I’ve said it before and I’ll say it again, there’s nothing better than a relaxing ball roller; one that looks to harness the magic of Marble Madness or Marble Blast Ultra from all those years back. And in recent months we’ve seen a bit of an influx of such titles, albeit with none ever really managing to deliver the joy required. Can Orbibot?
There is no setup for Orbibot. No story, no narrative, no helpful voice telling you what to do, where to go or why you’re doing it. It’s just you, you little Orbibot friend (if you hadn’t guessed by the title, this guy’s a robot who’s an orb) and 15 levels of physics-based puzzle levels to slowly work your way through. The aim is to reach the teleportation device at the end of each stage, at which point your friendly neighborhood bot is fragmented into thousands of tiny pieces, before re-emerging in the next stage.
On paper, that’s exactly what we want from such a game. But unfortunately there are elements which hold Orbibot back from the heights it should so easily hit.
Slowly does it is the key here, and that’s not because the puzzles are tricky or the stages are devious. In fact, for the most part these 15 stages are pretty well-worked sprawling affairs; each of which can be completed in 15 minutes or less. The problem is, you’ll want to take things slowly, because the controls are god damn awful, imprecise and extremely annoying.
In any puzzler or platformer which deals with physics and precision, you need to know that the inputs you are putting in will always be regular, standard, precise. The problem with Orbibot though is that isn’t the case.
Strangely linked in some way to the angle of the camera (controlled by the right stick), the movement and input decided by either the left stick or the d-pad in Orbibot is rarely uniform. You see, sometimes you’ll be moving slowly slowly, catching monkeys. Whilst at other times your Orbibot friend will be whizzing around the stages, out of control, at times slipping and sliding more than rolling. Dare to view things from an overhead point and neither up nor down will see much movement made. There is just no consistency which is required for such a game. With movement of your bot sometimes allowed whilst in the air, but again, not always, it’s extremely tricky to ever get a grasp on what this spherical bot is going to do.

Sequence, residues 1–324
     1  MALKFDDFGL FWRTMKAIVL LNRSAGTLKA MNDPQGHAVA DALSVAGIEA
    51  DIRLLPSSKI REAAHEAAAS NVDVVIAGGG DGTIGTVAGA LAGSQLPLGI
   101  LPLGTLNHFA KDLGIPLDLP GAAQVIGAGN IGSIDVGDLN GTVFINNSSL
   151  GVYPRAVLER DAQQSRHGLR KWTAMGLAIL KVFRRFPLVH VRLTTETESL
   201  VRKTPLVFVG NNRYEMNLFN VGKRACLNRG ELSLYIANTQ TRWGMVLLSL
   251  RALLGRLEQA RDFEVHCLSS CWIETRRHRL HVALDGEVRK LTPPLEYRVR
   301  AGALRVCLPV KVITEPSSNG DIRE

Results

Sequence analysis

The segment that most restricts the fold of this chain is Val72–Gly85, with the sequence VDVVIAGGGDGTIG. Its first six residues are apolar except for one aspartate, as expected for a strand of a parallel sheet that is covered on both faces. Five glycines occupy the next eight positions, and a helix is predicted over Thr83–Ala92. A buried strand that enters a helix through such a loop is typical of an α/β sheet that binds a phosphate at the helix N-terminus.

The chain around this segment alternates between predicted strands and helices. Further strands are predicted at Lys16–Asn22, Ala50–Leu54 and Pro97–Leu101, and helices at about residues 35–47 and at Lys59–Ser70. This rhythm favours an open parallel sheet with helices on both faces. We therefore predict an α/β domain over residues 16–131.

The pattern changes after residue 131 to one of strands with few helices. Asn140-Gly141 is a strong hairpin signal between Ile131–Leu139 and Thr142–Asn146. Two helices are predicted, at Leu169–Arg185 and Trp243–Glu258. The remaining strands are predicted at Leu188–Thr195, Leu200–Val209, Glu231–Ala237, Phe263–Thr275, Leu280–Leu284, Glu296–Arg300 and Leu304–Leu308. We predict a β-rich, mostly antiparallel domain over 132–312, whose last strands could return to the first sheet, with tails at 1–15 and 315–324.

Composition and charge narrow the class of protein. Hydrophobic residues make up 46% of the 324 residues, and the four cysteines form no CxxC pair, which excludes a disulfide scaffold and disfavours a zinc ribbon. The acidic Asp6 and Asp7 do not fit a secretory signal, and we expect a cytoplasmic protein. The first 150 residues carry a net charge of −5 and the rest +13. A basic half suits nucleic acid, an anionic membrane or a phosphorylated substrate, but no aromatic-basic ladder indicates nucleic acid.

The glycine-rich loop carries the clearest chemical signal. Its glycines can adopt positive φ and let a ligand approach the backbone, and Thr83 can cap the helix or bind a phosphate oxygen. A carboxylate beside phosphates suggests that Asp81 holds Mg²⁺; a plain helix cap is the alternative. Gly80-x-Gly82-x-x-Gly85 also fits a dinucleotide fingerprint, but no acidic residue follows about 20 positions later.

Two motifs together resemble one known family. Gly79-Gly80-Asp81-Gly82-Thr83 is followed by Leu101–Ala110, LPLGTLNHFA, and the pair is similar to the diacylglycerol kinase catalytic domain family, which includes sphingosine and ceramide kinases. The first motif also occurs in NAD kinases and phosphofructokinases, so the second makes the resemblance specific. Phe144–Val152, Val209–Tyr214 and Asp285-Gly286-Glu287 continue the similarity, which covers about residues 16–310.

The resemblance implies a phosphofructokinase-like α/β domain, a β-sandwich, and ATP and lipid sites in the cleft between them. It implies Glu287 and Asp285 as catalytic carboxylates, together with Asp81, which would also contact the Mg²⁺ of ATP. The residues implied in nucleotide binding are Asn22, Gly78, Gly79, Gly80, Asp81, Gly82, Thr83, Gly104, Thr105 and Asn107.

Yes, you eventually begin to get used to it, but even after 15 stages and a couple of hours of gameplay needed for full completion, you’ll rarely think you’ve nailed it, left always on edge.
Things get worse when you consider the camera too. Even with the amending of its sensitivity settings and axes in the menus, I’ve still not found a setup that is to my liking. When you’re needing to move this camera constantly, shifting around obstacles, platforms and level structures every few seconds, the lack of real control allowed is borderline terrible.
In fact, I like to think of myself as a fairly easy going guy, and am pretty proud that the amount of times I’ve needed to rage quit a game in near 40 years of gaming can be counted on one hand, but Orbibot has very nearly pushed me over the edge on multiple occasions. That’s not what you want from a relaxing puzzler.